dave anderson root-cause
It’s not uncommon for a site to have performance issues relating to a third party host. For example, on average, Australian retailers have 34 hosts on a site. Each host has to make a connection to an external data centre, grab content, and return.  This connection time can cause huge delays in how an entire site loads. However, most marketers automatically make the assumption that it’s their hosting provider that’s causing the delay, rather than a component within their site.

I was also able to look at the object over a period of time to see just how troublesome it was being to the overall site. The connection www.dynamicpress.kei.pl was adding significant time to the overall site response time, on average the site was taking longer than 10 seconds to load. No wonder my friend was tearing her hair out.

 

We can then see what the impact of the third party plugin is over time, using the object trending analysis.

dave anderson object-trending

But where to from here? In a short time I was able to draw some conclusions that pinpointed the issue and got her well on the way to a resolution. The main learnings were:

– The site is poorly constructed and has ongoing response time issues.  Any site that is loading beyond five seconds requires optimisation otherwise you face high abandonment rates and user complaints.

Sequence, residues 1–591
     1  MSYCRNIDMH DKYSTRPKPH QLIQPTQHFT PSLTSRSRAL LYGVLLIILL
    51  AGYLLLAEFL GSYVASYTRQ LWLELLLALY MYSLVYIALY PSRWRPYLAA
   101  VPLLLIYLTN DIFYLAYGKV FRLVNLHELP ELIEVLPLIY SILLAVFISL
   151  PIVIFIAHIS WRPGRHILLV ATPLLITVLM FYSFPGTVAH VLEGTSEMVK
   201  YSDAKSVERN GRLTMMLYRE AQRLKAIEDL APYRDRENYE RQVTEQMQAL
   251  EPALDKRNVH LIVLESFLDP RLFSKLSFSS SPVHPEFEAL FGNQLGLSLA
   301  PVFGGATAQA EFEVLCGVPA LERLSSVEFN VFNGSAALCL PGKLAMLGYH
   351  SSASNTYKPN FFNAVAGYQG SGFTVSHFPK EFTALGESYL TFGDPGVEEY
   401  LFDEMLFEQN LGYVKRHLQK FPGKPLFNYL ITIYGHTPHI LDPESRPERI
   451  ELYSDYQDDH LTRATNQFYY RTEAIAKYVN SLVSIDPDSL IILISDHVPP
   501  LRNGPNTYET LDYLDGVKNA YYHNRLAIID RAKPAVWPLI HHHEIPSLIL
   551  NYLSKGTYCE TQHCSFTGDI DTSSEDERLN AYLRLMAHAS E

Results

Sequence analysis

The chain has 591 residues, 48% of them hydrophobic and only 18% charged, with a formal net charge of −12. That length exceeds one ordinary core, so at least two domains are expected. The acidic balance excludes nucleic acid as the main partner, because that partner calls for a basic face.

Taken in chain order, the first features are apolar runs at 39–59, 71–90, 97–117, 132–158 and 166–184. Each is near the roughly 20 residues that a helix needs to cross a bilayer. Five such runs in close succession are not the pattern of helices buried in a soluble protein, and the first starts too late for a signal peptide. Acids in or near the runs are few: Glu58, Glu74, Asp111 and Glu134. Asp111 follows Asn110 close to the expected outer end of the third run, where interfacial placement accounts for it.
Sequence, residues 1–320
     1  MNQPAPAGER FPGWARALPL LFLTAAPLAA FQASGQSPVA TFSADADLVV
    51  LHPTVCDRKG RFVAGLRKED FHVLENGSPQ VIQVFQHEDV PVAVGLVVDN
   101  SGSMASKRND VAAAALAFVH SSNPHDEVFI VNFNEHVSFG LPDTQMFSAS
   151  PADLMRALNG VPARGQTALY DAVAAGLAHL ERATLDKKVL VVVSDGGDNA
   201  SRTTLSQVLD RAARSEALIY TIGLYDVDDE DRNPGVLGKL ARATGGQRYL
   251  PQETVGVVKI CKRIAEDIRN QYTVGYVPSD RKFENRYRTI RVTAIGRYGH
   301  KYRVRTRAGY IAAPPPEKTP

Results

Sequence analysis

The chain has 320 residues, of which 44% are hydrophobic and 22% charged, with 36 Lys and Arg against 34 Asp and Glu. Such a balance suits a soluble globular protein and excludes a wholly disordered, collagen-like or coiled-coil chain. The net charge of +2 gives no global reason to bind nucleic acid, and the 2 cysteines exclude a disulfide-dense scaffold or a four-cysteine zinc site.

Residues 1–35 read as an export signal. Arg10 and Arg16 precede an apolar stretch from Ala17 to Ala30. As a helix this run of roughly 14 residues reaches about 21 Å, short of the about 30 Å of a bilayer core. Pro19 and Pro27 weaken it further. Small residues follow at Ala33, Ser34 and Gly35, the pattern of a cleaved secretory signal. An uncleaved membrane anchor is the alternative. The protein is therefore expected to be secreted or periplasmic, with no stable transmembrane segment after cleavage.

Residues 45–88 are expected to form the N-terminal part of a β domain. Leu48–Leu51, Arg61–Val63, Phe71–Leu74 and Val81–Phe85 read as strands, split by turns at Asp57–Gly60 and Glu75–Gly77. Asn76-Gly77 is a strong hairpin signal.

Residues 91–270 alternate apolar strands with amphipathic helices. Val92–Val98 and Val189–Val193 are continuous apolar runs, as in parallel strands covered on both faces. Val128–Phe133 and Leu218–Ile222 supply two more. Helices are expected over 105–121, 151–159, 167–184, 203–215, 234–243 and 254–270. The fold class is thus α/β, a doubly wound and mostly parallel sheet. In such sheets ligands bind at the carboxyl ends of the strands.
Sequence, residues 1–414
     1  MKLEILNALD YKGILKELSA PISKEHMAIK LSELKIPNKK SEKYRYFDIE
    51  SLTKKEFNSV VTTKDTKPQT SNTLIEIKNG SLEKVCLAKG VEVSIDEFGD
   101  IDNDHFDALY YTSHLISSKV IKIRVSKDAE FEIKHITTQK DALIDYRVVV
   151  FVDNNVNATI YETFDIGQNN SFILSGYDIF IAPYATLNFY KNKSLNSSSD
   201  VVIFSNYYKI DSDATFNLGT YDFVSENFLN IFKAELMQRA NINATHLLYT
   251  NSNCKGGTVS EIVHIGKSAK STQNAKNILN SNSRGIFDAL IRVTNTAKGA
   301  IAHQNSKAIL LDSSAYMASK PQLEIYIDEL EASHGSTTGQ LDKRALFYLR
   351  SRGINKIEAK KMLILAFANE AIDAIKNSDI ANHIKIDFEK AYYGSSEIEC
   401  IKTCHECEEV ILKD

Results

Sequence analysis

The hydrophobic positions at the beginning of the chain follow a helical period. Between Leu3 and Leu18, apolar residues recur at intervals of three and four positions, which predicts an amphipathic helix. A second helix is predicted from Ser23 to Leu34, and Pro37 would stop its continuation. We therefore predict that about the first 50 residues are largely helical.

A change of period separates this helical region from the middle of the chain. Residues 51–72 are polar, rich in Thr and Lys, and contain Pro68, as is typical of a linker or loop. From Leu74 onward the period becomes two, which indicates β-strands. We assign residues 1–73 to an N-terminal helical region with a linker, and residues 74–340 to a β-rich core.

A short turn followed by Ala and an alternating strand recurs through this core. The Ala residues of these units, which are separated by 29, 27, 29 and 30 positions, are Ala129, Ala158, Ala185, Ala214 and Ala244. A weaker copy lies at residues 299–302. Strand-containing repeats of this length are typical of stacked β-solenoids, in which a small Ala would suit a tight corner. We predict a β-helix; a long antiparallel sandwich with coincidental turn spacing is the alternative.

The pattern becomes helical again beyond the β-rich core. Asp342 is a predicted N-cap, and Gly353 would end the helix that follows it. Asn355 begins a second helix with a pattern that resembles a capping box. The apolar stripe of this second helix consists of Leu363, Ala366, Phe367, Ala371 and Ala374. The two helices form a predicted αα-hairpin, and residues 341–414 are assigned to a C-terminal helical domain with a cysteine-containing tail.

– The main problems appear to be third party plugins, which my friend can now isolate and dissect to understand clearly which ones need to be optimised, better built, or removed altogether.

– Don’t make assumptions when there is data available that can pinpoint exact problems. Keep hosting providers and developers accountable for service level agreements. It’s too easy for people to play the ‘blame game’ and point fingers at marketers who are not necessarily technical.  It’s important to remember that the website is the most critical digital asset a marketer has, so it’s vital to invest in a monitoring solution that provides the data, and makes it easy for you to interpret and respond to analysis.
– Performance monitoring helps you understand what the performance issues are so you can make informed decisions that will actually solve the problem.

– Set benchmarks for how you want your website to perform day in, day out. The average Australian retail load time is 5.9 seconds so use data like this to keep your marketing team and your developers engaged and constantly monitoring performance. As soon as data starts to slip you will then know you have a problem creeping up on you.

Dave Anderson works with digital, marketing and IT teams of some of the biggest airlines, telcos, retailers and government organisations. His daily existence centres on digital performance and includes data extraction, analysis, education and forecasts that allow organisations to work faster and smarter. Not only is he responsible for the growth and success of digital and application performance giant Dynatrace in APAC, he’s also the company’s global director of social and community strategy.